Las Vegas Sands (NYSE:LVS) is reportedly considering dumping its Las Vegas casinos in a $6 billion sale.
Because the casino operator currently derives just 16% of its business from Nevada, the remaining business would be focused solely on the Asian gambling markets of Macao and Singapore.
It's a risky bet, though, because Macao monthly gambling revenue, which represents 60% of Sands' business, has declined 90% or more for the past five months due to the coronavirus pandemic and China is cracking down on money flows out of the region, potentially dampening a rebound.
Although Sands is not expected to lose its casino concession when renewals begin in 2022, the awards process is expected to be more open than last time and more competitors may be allowed entry into the market.
Going all in
Las Vegas Sands is saddled with a $13.8 billion debt load that comes from its extensive expansion efforts in Macao and Singapore, a market that has also been shuttered to the COVID-19 outbreak.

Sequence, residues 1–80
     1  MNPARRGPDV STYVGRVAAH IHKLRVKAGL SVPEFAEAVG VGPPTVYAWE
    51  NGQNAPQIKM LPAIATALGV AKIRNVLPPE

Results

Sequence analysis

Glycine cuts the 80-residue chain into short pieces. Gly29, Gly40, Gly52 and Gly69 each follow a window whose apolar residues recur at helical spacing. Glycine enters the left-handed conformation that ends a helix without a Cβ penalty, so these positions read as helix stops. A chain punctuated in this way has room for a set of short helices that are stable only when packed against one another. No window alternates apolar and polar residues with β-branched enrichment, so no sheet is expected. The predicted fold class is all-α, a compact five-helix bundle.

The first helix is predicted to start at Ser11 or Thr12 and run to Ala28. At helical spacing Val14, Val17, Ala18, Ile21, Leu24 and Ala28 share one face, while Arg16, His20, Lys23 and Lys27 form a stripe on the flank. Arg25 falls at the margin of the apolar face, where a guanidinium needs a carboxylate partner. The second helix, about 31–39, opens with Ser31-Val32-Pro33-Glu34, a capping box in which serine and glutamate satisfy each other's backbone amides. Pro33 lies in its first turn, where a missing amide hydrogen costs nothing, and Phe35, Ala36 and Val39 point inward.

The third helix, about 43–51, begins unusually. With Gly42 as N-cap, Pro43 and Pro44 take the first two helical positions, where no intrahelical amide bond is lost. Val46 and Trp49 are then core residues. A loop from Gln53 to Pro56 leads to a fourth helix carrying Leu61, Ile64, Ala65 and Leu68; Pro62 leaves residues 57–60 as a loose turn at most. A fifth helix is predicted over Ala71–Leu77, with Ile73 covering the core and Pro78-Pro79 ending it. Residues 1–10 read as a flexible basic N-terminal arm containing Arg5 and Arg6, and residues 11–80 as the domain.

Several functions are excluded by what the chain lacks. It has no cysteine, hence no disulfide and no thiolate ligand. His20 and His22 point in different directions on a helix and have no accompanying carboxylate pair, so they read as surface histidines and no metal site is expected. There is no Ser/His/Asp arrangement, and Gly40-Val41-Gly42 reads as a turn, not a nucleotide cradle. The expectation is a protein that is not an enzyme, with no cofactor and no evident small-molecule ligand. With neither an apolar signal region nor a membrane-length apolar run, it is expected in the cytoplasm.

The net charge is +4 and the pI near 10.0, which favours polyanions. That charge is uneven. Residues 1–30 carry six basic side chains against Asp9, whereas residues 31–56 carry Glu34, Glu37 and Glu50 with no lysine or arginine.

The casino operator's revenue plunged 82% in the second quarter to just $586 million, generating a loss of $0.74 per share. Analysts don't expect many of the markets to markedly improve anytime soon, especially Las Vegas, where ratings agency Fitch Ratings recently said the outlook was "dim" and "lackluster."
Japan is a potential new market Sands could eventually enter, but it announced in May that it was withdrawing from the competition for one of the first three licenses that are to be issued. The matter has been complicated by the resignation of Prime Minister Shinzo Abe, who was a strong proponent of introducing legalized casino gambling in the country. While his successor is also a proponent, public opinion in Japan is decidedly against the casinos.